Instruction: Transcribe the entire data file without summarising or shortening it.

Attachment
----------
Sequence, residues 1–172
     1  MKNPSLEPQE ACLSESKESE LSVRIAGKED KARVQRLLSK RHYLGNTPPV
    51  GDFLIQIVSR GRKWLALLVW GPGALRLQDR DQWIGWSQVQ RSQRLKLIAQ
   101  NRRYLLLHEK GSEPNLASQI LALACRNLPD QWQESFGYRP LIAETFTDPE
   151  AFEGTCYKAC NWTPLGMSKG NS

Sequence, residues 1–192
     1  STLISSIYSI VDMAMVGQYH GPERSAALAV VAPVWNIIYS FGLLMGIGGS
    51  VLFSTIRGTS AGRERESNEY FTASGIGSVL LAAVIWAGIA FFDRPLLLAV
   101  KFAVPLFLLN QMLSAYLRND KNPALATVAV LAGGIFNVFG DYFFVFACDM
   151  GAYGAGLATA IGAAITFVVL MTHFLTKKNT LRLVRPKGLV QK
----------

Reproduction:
Sequence, residues 1–172
     1  MKNPSLEPQE ACLSESKESE LSVRIAGKED KARVQRLLSK RHYLGNTPPV
    51  GDFLIQIVSR GRKWLALLVW GPGALRLQDR DQWIGWSQVQ RSQRLKLIAQ
   101  NRRYLLLHEK GSEPNLASQI LALACRNLPD QWQESFGYRP LIAETFTDPE
   151  AFEGTCYKAC NWTPLGMSKG NS

Sequence, residues 1–192
     1  STLISSIYSI VDMAMVGQYH GPERSAALAV VAPVWNIIYS FGLLMGIGGS
    51  VLFSTIRGTS AGRERESNEY FTASGIGSVL LAAVIWAGIA FFDRPLLLAV
   101  KFAVPLFLLN QMLSAYLRND KNPALATVAV LAGGIFNVFG DYFFVFACDM
   151  GAYGAGLATA IGAAITFVVL MTHFLTKKNT LRLVRPKGLV QK